Monday, April 30, 2018

The Week in Chinese Belligerence with bonus CNN moment

What happens when the machines stop?

Russell Hsiao at TNI asks What Would Taiwan Do If China Invaded? Hsiao notes:
As one analyst observed in 2003:

… it is not clear how high a price Taiwan is willing to pay to oppose China. Taiwan’s people have generally resisted the sacrifices that go with a high degree of military readiness. Mandatory military service for young men is unpopular, and the government has already cut the length of service several times. Some high-ranking Taiwan military officers admit that the civilian population’s willingness to fight is not beyond question. Opinion polls commonly indicate that a significant proportion of Taiwan’s trained reservists would be reluctant to answer the call to arms in the event of a war with China.
Hsaio then lists polls that show people are willing to fight. I think many analysts are confused on this point. Most people will fight, and that number will rise when China attacks the island and people see their loved ones killed around them.

Taiwanese do not rejecting sacrificing to defend their island. Rather, they abhor the military. The problem is that the military treats its recruits like crap. In a society that runs on chickenshit, the military is the ultimate realization of the chickenshit culture. For the conscripts, who are under the absolute, unchecked authority of the officers, life can be hell. Naturally young males dread joining the organization...

Military service in the old days was a mandatory two years so that males could be constantly indoctrinated with KMT propaganda and so that they would be off the streets and unable to take part in protests, and to keep them under surveillance for their politics and the pro-democracy types identified and perhaps imprisoned. China had no navy in the old days and there was never any threat to take Taiwan back then. It was all about domestic political control.

It would be better if foreign commentators focused on pressuring the military to reform its  culture rather than claiming (falsely) that Taiwanese don't want to defend Taiwan.

This week Chinese belligerence was the theme. CNN "reported" with a fine piece of stenography on China's noisemaking via imagery, propaganda, and air force flights around Taiwan, with the stupidly wrong title:
China's release of images reinforces vow to keep Taiwan as a territory
Yes, that's right, for CNN Taiwan is already part of China, which it is trying to "keep". Thus does a great American news organization align itself with authoritarian power rather than international law, under which Taiwan's status is undetermined. It would be sick but frankly the media's failure to advocate for democracy in Asia is so awful I accept this as par for the course.

Sometimes I don't even understand why the CCP bothers to waste money on Xinhua.

CNN remains mystified by Taiwan's actual status in US policy. After a long piece with many quotes from Chinese sources, CNN ends with a confusing comment on US policy:
While Washington does not challenge Communist China's claim over Taiwan, the official US policy simply states that people on both sides of the Taiwan Strait recognize there is but one China and Taiwan is part of China.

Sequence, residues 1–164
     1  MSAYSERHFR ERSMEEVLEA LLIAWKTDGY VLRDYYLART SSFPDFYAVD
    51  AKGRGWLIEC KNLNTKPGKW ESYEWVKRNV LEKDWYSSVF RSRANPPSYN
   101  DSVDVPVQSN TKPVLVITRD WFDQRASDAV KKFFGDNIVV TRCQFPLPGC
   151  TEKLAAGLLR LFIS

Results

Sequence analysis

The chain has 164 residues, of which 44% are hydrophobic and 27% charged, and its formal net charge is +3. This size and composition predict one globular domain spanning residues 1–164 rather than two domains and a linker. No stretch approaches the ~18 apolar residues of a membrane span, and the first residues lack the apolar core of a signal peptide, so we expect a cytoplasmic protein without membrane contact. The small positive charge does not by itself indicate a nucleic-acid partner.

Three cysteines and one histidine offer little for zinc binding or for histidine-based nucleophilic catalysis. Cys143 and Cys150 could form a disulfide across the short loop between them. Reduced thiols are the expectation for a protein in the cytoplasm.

Very confusing and wrong, twice now. The US acknowledges but does not recognize that people on both sides of the Strait say Taiwan is part of China. US policy is that Taiwan's status is undetermined. Apparently CNN has never heard of Google.

Again the same crap as last time. Quote after quote from China sources, but none from Taiwan or Washington. Even when CNN mentions Washington and Taiwan, as if to apologize for having the temerity to suggest there were places in the world where Beijing's writ did not run, it quickly listed the Chinese reaction:
But under US President Donald Trump, the United States' has appeared enthusiastic to move closer to Taiwan, a move which has caused deep concern in Beijing.

"Every inch of our great motherland's territory cannot be separated from China," President Xi said during a nationalistic speech at the National People's Congress in March, drawing huge applause.

The Trump administration has sought closer ties to President Tsai's government, angering Beijing by recently signing two deals to tighten ties with the island, including a travel act which will allow more official visits between the US and Taipei.
CNN doesn't bother to present any information or quotes on why the US might have this policy and what Taiwan's position is, except to say that the ruling DPP is pro-independence (so is the whole island, CNN). We get lots of Beijing reaction, but no US reaction to Beijing's posturing. This is not a short piece, so CNN cannot plead lack of space.

Is CNN simply pro-Beijing, or censoring itself?

Meanwhile, the US responded with B-52 flights to Pratas Island off China. Someone is paying attention. Jason Diehl's WaPo piece contains a rare tidbit: scuttlebutt is that Trump was angry that Alex Wong visited Taipei. The Administration is complex and Trump is hardly the whole of it.

A lighter moment: China "discovered" a map from 1951. O so conveniently, it addresses some issues with the infamous Nine Dash Line. I expect that ancient texts and modern documents both are going to be undergoing continuous alteration to support PRC expansion, and we are all going to be like Winston Smith watching O'Brien send a photo the memory hole...
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